Trump’s promise not to tax cash tips isn’t working
1 min read

Trump’s promise not to tax cash tips isn’t working

ThisThe situation is different in the case of the lowest paid service workers, because they receive the so-called tipped minimum wage. The federal minimum hourly wage, unchanged for 15 years, is $7.25, which is a fair amount, but employers can pay tipped workers an equal amountpoorer $2.13 the tips they provide raise their income to the hourly minimum. When cash tips predominated, these workers were likely to be tempted to undervalue their tips to their boss, thus forcing him to make up the difference. However, today (especially in fast food restaurants, where most waiters work) electronic tip screens dominate, so that the boss and the tax office can accurately track tips.

Let’s say you’re a waiter at a restaurant and you’re paid the federal minimum wage of $2.25 an hour. If you work full-time, you take a $4,680 cut from your annual salary and (assuming your tips actually bring you up to the federal minimum) $10,400 in tips, for a total income of $15,080. Under Trump’s plan, you will no longer have to pay income tax on two-thirds of that income. Sounds pretty good, right?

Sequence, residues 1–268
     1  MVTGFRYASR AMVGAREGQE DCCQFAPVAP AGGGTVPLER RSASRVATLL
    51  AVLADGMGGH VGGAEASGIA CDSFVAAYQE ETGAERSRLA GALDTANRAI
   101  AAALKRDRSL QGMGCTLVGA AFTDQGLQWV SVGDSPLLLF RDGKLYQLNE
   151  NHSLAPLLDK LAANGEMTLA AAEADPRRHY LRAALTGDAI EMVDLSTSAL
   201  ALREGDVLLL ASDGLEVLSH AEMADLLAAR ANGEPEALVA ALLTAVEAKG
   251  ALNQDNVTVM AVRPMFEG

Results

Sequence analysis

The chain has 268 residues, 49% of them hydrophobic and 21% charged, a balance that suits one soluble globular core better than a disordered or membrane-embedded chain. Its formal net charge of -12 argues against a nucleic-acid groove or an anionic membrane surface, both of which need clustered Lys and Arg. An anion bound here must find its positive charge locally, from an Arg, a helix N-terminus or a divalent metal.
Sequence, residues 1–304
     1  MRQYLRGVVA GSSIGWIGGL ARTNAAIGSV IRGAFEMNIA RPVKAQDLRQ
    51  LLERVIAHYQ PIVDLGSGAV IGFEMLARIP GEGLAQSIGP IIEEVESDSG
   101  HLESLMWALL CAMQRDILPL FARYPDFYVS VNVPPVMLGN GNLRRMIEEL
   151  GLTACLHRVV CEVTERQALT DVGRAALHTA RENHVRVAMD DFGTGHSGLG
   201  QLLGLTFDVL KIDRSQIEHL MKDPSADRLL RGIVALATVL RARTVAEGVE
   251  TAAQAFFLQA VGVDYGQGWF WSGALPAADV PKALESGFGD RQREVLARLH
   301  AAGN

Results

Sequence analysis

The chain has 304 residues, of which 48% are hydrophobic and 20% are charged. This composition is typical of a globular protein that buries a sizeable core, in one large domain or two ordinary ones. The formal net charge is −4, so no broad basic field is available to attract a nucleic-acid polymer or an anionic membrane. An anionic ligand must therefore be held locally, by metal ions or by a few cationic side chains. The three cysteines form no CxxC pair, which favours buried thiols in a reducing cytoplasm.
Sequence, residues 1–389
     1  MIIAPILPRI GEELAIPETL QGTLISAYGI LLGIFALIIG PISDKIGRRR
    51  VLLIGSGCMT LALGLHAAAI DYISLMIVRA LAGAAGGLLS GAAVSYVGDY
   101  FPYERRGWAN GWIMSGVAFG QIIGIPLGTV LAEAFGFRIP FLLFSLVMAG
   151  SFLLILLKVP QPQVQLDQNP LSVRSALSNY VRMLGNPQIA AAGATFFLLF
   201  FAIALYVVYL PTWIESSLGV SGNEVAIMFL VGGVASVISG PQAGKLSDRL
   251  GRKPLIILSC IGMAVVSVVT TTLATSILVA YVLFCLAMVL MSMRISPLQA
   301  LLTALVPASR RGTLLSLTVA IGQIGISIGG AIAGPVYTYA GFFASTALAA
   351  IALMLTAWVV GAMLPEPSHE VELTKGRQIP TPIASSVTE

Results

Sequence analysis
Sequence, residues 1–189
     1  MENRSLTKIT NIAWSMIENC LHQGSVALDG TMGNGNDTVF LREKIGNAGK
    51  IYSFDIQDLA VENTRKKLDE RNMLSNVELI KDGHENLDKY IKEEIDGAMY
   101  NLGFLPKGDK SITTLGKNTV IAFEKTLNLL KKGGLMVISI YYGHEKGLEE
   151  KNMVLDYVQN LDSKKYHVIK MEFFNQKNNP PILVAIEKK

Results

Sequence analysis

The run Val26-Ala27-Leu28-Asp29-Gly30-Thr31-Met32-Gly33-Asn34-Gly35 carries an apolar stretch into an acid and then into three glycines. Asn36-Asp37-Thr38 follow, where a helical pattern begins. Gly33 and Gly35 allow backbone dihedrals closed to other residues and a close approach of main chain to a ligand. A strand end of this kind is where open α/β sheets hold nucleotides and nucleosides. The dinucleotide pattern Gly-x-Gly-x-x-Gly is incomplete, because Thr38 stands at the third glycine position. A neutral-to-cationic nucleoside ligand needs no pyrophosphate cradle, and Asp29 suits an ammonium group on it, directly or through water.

Except now you barely pay income tax. If you are single and your income is less than $12,950, the IRS does not require you to file a return. If you are single and head of household and your income is less than $19,400, the IRS does not require you to file a return. You have to pay payroll taxes, but Trump hasn’t said anything about eliminating payroll taxes on tip income. It would be much more complicated and difficult.